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Neurotransmitters: The Chemicals of Action

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There are millions of

There are millions of "branching" nerves in the human brain for information to travel across.

There are millions of "branching" nerves in the human brain for information to travel across.

by Carnell Lyon, Staff Writer

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The brain is composed of constantly active nerve cells and neurons and working together to keep the body functioning and healthy. However, the electrical signals many of us know about, are only pieces of the intricate machinery that run the human brain. Neurotransmitters are the chemicals that keep the electrochemical reactions in the brain in check, carry and transfer information, and handle all the automatic and involuntary processes in the human body.

There are two sets of neurotransmitters: excitatory and inhibitory. As the name suggests, excitatory neurotransmitters “excite” the human brain; these chemicals put the brain into overdrive, over-stimulating the autonomous processes that take place in the body. Inhibitory neurotransmitters are the opposite of excitatory neurotransmitters, keeping the brain calm and mellow.

A well-known excitatory neurotransmitter is dopamine, the “happy” transmitter. Dopamine is the chemical most associated with happiness and euphoria. Whenever you are having a really good day or you did something to be proud of, the brain’s dopamine receptors receive a higher quantity of dopamine than usual. These are also the same neurological processes that occur when someone is “high”. The chemicals in the drug stimulate the increased production of dopamine. More dopamine, means crazier trip (don’t do drugs kids).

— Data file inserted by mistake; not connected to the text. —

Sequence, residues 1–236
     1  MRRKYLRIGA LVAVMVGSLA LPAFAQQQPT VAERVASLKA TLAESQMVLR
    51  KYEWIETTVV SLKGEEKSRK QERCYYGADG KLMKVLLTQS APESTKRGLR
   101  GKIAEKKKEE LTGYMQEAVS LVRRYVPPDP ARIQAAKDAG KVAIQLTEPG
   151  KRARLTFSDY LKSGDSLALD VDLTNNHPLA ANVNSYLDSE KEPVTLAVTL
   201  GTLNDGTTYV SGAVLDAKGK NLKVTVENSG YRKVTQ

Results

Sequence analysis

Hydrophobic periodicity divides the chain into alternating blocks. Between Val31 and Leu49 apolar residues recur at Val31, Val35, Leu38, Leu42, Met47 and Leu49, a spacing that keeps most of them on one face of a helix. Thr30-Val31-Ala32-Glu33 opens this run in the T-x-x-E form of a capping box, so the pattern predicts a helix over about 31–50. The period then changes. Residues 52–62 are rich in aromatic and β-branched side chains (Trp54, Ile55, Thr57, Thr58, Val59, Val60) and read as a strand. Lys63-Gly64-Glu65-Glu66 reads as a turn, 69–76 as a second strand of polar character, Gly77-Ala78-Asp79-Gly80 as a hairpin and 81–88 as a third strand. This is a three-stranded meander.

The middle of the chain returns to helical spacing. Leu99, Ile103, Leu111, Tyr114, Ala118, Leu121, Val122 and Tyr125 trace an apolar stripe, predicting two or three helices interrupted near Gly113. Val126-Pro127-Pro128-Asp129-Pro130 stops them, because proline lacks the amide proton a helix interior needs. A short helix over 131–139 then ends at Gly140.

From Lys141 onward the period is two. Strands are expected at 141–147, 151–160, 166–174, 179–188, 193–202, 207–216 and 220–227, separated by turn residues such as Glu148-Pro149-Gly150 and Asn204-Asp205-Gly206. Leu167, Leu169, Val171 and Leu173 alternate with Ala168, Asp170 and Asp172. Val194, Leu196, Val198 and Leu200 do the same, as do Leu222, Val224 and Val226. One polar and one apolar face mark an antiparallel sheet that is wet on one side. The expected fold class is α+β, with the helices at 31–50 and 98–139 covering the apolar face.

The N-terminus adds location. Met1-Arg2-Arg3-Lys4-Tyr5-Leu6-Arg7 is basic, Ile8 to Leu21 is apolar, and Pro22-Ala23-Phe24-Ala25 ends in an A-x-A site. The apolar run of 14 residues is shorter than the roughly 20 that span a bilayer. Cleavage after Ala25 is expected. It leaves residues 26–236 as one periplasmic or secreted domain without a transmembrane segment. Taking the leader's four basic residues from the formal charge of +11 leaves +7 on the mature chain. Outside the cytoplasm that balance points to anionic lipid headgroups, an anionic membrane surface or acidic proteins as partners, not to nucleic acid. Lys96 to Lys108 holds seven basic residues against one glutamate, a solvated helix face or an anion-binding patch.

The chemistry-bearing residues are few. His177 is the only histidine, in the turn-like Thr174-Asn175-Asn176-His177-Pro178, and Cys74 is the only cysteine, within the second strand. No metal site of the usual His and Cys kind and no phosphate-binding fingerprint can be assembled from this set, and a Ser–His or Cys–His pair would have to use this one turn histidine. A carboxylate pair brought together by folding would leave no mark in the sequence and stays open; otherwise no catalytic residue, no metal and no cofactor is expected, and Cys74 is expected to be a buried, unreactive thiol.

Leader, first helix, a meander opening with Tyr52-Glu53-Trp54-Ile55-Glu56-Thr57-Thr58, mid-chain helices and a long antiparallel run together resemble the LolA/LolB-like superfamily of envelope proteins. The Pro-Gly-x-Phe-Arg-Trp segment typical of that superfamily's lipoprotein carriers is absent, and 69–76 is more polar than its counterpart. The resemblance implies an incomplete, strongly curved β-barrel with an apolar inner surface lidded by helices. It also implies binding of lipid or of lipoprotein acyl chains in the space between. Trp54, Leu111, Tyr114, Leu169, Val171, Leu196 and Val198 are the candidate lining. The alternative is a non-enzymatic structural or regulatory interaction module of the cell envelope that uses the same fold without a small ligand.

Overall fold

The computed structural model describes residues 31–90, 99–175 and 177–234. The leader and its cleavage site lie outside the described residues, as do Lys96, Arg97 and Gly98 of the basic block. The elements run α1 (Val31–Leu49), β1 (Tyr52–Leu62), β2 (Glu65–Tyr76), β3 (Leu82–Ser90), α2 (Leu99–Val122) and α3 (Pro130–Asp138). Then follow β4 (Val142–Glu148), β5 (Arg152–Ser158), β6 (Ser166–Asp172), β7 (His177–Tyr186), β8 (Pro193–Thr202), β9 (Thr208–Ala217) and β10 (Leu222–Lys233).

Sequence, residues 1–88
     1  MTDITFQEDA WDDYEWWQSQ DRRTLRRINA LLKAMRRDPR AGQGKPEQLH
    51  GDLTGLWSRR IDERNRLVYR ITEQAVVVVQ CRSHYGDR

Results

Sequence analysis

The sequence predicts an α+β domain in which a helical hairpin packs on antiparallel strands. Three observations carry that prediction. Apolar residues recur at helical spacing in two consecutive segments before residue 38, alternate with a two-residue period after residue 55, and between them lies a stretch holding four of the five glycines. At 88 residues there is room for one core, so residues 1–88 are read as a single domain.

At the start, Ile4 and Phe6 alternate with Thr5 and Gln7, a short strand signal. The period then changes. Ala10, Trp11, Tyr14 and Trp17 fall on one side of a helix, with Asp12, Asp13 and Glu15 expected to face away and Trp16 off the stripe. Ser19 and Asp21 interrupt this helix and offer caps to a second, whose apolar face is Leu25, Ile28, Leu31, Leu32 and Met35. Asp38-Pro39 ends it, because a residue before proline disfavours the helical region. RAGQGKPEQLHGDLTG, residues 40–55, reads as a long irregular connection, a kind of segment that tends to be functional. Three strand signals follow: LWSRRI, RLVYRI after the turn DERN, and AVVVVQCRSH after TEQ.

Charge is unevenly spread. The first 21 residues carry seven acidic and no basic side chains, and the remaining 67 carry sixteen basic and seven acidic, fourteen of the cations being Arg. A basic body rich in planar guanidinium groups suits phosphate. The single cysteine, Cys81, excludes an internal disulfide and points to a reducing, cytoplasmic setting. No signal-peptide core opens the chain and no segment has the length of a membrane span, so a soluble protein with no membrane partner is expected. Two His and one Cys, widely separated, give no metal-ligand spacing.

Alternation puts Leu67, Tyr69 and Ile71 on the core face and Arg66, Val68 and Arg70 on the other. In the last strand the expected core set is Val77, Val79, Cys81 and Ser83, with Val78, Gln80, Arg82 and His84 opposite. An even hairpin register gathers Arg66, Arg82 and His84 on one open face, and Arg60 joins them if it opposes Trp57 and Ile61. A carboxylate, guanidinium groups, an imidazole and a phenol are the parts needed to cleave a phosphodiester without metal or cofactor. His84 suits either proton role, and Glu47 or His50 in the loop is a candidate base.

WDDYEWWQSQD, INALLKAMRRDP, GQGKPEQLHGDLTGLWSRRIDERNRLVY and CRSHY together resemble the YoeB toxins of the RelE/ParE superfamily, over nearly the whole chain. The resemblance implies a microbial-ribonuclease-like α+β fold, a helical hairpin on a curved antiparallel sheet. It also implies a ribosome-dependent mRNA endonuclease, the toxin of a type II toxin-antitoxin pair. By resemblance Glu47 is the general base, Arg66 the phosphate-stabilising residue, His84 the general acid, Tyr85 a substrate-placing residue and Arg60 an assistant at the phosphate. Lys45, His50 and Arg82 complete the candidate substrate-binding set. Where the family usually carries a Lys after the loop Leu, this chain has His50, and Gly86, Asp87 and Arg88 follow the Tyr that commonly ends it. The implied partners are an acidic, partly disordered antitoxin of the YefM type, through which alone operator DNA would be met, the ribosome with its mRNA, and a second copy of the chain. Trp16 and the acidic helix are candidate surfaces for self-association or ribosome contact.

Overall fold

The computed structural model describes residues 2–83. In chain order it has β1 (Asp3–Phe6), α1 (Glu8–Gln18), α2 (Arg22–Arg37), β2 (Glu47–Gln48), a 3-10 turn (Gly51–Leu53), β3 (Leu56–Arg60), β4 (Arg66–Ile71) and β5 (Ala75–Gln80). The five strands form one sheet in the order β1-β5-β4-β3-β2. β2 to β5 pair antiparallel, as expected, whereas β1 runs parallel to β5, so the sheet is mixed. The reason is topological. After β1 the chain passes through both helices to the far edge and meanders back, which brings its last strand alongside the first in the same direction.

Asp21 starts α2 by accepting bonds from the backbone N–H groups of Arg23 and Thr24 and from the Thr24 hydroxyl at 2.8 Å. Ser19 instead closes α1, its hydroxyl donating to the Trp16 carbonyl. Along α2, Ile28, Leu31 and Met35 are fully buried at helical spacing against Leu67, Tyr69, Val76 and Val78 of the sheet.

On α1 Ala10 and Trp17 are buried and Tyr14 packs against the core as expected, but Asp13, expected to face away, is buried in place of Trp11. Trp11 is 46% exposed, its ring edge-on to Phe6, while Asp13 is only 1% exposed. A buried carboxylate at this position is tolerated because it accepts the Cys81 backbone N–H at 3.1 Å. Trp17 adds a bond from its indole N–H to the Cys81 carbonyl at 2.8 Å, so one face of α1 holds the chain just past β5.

A commonly known inhibitory neurotransmitter would be serotonin, the “chill” transmitter. Whenever there is a greater amount of serotonin compared the “happy” transmitter, a person becomes a lot more languid. When you try your best and you don’t succeed and you just give up and mope in your bed for who knows how long (I know I’m not the only one who’s been through this).

Both of these work together to keep you not so “high” and not so “low”. A stable brain is a balanced brain. However, your brain can get messed up if you are constantly receiving more of one type of neurotransmitter over another. If you’re brain is constantly over- stimulated by excitatory neurotransmitters, especially dopamine, the receptors that receive these chemicals begin to shut down. In other words, it takes more to get the same level of euphoria compared to what you were experiencing before.

Next time, you feel happy or sad, stressed or relieved, remember that these are neurotransmitters at work.

 

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Neurotransmitters: The Chemicals of Action